The team of researchers from the Norwegian University of Science and Technology in Trondheim put 12 overweight male volunteers through their paces over a period of 10 weeks.
They found that with just 12 minutes of high-intensity exercise, such as running on a treadmill, spread out over three weekly sessions increased the body's oxygen uptake by 10 per cent, while blood pressure and glucose levels decreased slightly.
Meanwhile a further 12 volunteers completed three 16-minute sessions, each divided into four-minute bursts. And though these more intensive sessions produced better results in terms of lowering cholesterol and body fat, the positive changes in oxygen uptake, blood pressure and glucose levels were surprisingly similar to those adopting the shorter exercise regime.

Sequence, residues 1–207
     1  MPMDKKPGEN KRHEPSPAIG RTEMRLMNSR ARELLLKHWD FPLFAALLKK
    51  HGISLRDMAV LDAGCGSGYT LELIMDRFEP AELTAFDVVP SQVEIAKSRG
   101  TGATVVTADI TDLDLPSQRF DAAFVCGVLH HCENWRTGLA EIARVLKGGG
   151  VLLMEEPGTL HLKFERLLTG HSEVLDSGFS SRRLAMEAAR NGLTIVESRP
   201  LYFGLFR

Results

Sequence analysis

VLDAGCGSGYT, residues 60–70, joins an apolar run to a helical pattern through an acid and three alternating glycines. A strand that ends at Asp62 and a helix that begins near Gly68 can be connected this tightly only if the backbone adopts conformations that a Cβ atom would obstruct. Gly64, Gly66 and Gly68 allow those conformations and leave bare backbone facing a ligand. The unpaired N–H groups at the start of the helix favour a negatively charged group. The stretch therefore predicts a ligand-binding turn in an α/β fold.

According to the Daily Telegraph, researcher Dr Arnt Erik Tjønna said: "Since we know that more and more people are inactive and overweight, the kind of improvement in physical fitness that we saw in this study may provide a real boost for inactive people who are struggling to find the motivation to exercise."
However, Dr Thomas Lee, Professor of Medicine at Harvard Medical School, told the paper that short periods of very intense exercise are not suitable for everyone, saying: "I think this approach, which used to be known as 'intervals', is very reasonable and accepted among young athletes... I don't encourage it among most of my older patients."
What do you think? Would you be more inclined to get fit with a short but high-intensity workout? Leave your comments below...